Standing from left are Kurt Bauche, Dr. Kevin White, Dan Schunks and Dr. Joe Gilgour. Photo by Danielle Basler
After long career of teaching music at high school, college level
A dedication ceremony celebrating a local legend among Missouri band directors was held Thursday on the Park Hills campus of Mineral Area College when the school’s band room was officially named in honor of long-time North County High School band director and MAC graduate Dan Schunks.
Accompanying Schunks to the ceremony was his wife, Ellen.
Dr. Joe Gilgour, MAC president, welcomed everyone to the dedication saying, “Today is a special day. This is my fifth year [as MAC president], and I don’t get to do ceremonies where we name things after people very often. That’s something presidents like to do, and so I’m excited about this.
“We’re here today to dedicate this room to Dan Schunks. We had a very generous, anonymous donation of $50,000 to our music department, and one of the donor’s requests was that we name this room after the man who spends a lot of time here.”
Following a rousing arraignment of the National Anthem performed by a band directed by Dr. Kevin White, Gilgour called Kurtto the podium. Bauche served as director of bands in the Farmington R-7 School District from 1982 until his retirement in 2012.
“As Dr. Gilgour mentioned, we’d like to welcome you this morning to this special event here at the Fine Arts Building at Mineral Area College. I’d like to thank Dr. Joe Gilgour, Dr. Keith Zoromski and the trustees for making this event a reality. I would also like to thank Dr. Roger McMillan for his assistance during the last academic year because he was very instrumental in why we’re here today. Lastly, I’d like to thank the Mineral Area Fine Arts Academy and its executive director Amanda Dement for their contribution to the Fine Arts Department here at Mac recently and for keeping music and theater alive. We know how important they have been to what needs to happen here at our community college.
“We’re here to premiere the naming of the Mac band room in honor of Mr. Dan Schunks. We thank Dan for his contribution to music education not only in St. Francois County but all over the state of Missouri. His impact on music for students of all ages is far-reaching, having provided instruction to, I’m sure, even at the elementary age, but in his teaching career, middle school band students up through many, many older adults. I don’t want to pin an age on any of those, but you know we’ve had some folks in the community band — and it was just a pleasure to have people of all ages come and join us for that ensemble. I don’t know that Dan can pinpoint the oldest person he’s instructed, but I know that the number of people and the age group that he has touched over the years is remarkable.”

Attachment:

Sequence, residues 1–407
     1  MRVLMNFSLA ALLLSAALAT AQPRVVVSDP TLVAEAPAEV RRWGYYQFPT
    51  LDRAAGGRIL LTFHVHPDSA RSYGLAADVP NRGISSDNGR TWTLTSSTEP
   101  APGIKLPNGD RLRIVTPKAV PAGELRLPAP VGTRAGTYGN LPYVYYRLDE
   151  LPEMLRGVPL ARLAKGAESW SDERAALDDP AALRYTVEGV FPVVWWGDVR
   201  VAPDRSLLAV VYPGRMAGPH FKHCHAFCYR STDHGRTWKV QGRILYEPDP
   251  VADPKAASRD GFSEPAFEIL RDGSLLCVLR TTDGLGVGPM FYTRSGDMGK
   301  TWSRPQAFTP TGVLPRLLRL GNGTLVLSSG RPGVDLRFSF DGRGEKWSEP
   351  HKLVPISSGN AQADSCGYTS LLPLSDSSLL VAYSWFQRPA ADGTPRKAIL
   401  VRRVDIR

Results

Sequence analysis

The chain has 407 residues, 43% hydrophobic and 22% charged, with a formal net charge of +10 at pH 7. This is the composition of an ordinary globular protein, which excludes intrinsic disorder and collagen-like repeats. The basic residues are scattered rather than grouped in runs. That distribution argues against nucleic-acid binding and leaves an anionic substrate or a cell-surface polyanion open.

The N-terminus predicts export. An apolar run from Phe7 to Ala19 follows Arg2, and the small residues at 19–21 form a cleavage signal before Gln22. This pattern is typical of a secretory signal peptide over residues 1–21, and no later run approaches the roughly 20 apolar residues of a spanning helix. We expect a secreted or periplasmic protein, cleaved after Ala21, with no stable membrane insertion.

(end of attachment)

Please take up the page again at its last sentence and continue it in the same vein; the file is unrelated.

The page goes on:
Bauche recalled that Schunk’s contributions to Mineral Area College through the years had included instruction in applied brass, music appreciation, steel drum ensemble, conductor of the Community Band and leader of the Kicks Band for 30 years, a post he retired from only recently.
“These outstanding ensembles have appeared at the state level, which is a major accomplishment showcasing not just the talent but his leadership, his artistic ability to get to those groups to play to the highest level possible to be showcased in our state. The highlight of Dan’s professional career was being named the Outstanding Missouri Jazz Educator in 2015. All of this, though, were facts and figures.